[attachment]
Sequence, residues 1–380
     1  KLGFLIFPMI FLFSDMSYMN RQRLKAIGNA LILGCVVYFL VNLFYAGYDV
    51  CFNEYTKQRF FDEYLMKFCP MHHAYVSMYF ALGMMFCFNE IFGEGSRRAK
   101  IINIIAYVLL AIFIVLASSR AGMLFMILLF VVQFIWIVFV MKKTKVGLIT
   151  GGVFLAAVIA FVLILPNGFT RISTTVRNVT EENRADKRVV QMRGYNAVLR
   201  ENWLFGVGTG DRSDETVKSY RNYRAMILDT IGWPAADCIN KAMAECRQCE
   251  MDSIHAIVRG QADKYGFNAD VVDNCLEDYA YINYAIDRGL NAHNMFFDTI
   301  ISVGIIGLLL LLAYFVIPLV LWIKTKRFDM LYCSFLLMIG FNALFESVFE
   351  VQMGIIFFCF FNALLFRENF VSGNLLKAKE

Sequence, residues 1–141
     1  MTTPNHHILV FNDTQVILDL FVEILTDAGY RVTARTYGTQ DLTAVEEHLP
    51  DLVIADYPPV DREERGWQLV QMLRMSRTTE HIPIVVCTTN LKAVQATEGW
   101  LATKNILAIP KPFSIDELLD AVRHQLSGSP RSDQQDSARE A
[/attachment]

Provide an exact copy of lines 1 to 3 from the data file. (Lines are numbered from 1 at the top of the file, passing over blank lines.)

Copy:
Sequence, residues 1–380
     1  KLGFLIFPMI FLFSDMSYMN RQRLKAIGNA LILGCVVYFL VNLFYAGYDV
    51  CFNEYTKQRF FDEYLMKFCP MHHAYVSMYF ALGMMFCFNE IFGEGSRRAK